At Lululemon, Skip the $100 Yoga Pants and Buy the Whole Store


lululemon earningsI tried to tap into my inner Peter Lynch earlier this year at Miami's Aventura Mall. Just as Lynch would drum up some of his best consumer-facing stock ideas by taking his wife and kids to the mall, I asked my wife to check out the recently opened lululemon athletica (LULU) store.

"You'll disappoint me if you come back empty-handed," I said.

Alas, she couldn't bring herself to pay nearly $100 for a pair of yoga pants. Thankfully for Lululemon investors, there are a lot more people out there who aren't like my wife.

Designer Sweats, Soaring Sales

The upscale retailer of fashionable fitness apparel came through with another monster quarter this morning.

Net revenue soared 39% to $212.3 million, backed by strong consumer-direct sales, brisk expansion, and a stunning 20% spike in comparable-store sales. Earnings grew even faster, climbing 76% to $38.4 million as margins widened and the Canadian chain decided against repatriating unremitted profits.

This kind of blowout quarter has been typical for Lululemon over the past two years. Can you ever picture Gap (GPS) posting this kind of growth? Without a time machine to get you back to its heyday in the 1990s, forget about it!

Remember When the Gap Was Great?

Gap was a growth darling a little more than a decade ago. Mall shoppers would flock to its inviting stores for denim and khakis. Unfortunately, Gap's focus on clothing basics made it easy to emulate.

Gap has struggled in recent years as cheap chic discounters Target (TGT) and Kohl's (KSS) cash in by selling their own basic apparel at even lower prices. Gap also owns Old Navy and Banana Republic, but those chains have also had their share of hiccups over the years.

It's not that Gap isn't trying. Its first franchised store in Serbia opened today. Unfortunately the fundamentals just aren't there anymore. Analysts predict that Gap's profitability will fall by 22% this year on flat sales growth.

Lulu Is No Lemon

Shares of Lululemon fell after its quarterly report, largely because the company sees its juicy margins contracting between its previous quarter and its current one. This could pose problems for a chain selling high-priced workout clothing, but at the end of the day, Lululemon is still expected to grow at a healthier clip than most of its ho-hum mall neighbors.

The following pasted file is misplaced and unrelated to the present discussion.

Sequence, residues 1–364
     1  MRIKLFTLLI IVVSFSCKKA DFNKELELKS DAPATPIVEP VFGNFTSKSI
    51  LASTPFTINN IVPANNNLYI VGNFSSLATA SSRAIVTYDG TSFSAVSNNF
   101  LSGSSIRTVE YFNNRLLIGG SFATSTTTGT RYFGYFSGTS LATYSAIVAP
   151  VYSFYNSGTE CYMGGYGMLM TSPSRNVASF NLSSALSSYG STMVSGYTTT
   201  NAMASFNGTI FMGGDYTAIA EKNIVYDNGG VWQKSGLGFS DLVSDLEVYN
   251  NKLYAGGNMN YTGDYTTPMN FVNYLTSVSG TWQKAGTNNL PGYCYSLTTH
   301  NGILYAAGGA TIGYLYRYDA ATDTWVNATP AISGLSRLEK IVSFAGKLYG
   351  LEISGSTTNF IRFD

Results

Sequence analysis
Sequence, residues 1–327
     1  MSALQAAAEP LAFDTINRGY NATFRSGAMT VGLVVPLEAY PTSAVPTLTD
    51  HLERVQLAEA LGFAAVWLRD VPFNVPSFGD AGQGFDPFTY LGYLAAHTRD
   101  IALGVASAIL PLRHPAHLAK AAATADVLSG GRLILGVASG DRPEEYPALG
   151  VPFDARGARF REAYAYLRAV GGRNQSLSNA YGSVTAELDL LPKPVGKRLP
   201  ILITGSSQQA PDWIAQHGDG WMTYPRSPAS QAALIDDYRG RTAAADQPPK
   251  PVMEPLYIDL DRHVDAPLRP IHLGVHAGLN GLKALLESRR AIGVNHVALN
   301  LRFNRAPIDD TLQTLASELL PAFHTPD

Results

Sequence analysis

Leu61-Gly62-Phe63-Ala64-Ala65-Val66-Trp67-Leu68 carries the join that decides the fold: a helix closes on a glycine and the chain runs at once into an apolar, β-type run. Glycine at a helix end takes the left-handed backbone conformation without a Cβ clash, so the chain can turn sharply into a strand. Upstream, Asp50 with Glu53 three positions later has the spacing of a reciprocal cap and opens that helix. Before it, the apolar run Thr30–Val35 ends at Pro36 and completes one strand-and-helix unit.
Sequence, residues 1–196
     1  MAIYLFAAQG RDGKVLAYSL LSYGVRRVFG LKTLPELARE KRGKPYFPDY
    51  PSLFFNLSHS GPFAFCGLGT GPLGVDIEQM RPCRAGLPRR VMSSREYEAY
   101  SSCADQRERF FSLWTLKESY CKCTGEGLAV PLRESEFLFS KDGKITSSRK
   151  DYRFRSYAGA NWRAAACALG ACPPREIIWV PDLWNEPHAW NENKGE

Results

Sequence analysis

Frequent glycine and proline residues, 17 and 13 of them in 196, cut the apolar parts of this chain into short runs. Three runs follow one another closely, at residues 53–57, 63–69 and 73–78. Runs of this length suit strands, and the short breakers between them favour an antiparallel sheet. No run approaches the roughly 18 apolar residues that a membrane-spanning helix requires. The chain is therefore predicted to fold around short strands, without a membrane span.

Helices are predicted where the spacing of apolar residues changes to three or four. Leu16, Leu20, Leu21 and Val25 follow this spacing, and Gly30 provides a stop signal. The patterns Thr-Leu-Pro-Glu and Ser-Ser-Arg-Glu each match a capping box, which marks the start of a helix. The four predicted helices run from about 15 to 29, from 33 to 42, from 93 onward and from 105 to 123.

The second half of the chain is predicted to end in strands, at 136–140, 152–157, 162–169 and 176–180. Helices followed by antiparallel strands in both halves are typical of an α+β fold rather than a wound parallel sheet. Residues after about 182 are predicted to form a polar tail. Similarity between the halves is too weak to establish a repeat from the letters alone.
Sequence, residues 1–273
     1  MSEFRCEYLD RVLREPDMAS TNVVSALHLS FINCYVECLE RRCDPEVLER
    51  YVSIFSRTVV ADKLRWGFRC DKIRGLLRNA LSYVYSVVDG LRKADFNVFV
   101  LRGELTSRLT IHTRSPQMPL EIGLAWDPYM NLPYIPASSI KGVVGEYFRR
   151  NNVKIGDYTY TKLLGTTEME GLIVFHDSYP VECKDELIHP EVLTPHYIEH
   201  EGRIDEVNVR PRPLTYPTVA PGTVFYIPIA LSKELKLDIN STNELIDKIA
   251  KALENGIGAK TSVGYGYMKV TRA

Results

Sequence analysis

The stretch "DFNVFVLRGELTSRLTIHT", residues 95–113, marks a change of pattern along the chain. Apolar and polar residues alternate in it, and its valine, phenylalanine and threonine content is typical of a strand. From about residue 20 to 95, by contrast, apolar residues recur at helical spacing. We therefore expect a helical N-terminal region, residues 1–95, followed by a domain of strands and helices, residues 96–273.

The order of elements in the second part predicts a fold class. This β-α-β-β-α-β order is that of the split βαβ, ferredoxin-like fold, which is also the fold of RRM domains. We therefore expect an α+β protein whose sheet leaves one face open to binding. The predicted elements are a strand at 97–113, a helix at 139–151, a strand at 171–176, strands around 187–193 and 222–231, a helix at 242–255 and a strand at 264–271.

Like its yoga pants, the 147-unit retailer's stock isn't cheap. Its shares trade for nearly 50 times what lululemon expects to earn this year. However, investors expect to pay a premium for a company that continues to generate market-thumping growth and double-digit comps. Until that changes, I'll have to discredit my wife's empty-handed field research. Besides, she hasn't hit up a Gap in ages.

I'll stick with Lululemon.

Longtime Motley Fool contributor Rick Munarriz does not own shares in any of the stocks in this article. The Motley Fool owns shares of Gap and lululemon athletica. Motley Fool newsletter services have recommended buying shares of lululemon athletica.

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September 10 2011 at 4:13 PM Report abuse +1 rate up rate down Reply

I think Lululemon is a lemon and even worse. They're customer service in Princeton NJ is horrible. Don't try to return anything even 3 days past the 2 week return policy. And be expected to be treated like you're in kindergarten! The store manager needs a new personality to say the least! If she is any indication of the quality of their management, they won't survive longterm. I've never been treated in any retail store in this JCrew, Banana Republic, Ann Taylor,etc. These are stores in Princeton, NJ that would never treat a customer poorly. LuLulemon needs to practice gratefulness and teach it to their manager in Princeton.

September 09 2011 at 6:05 PM Report abuse rate up rate down Reply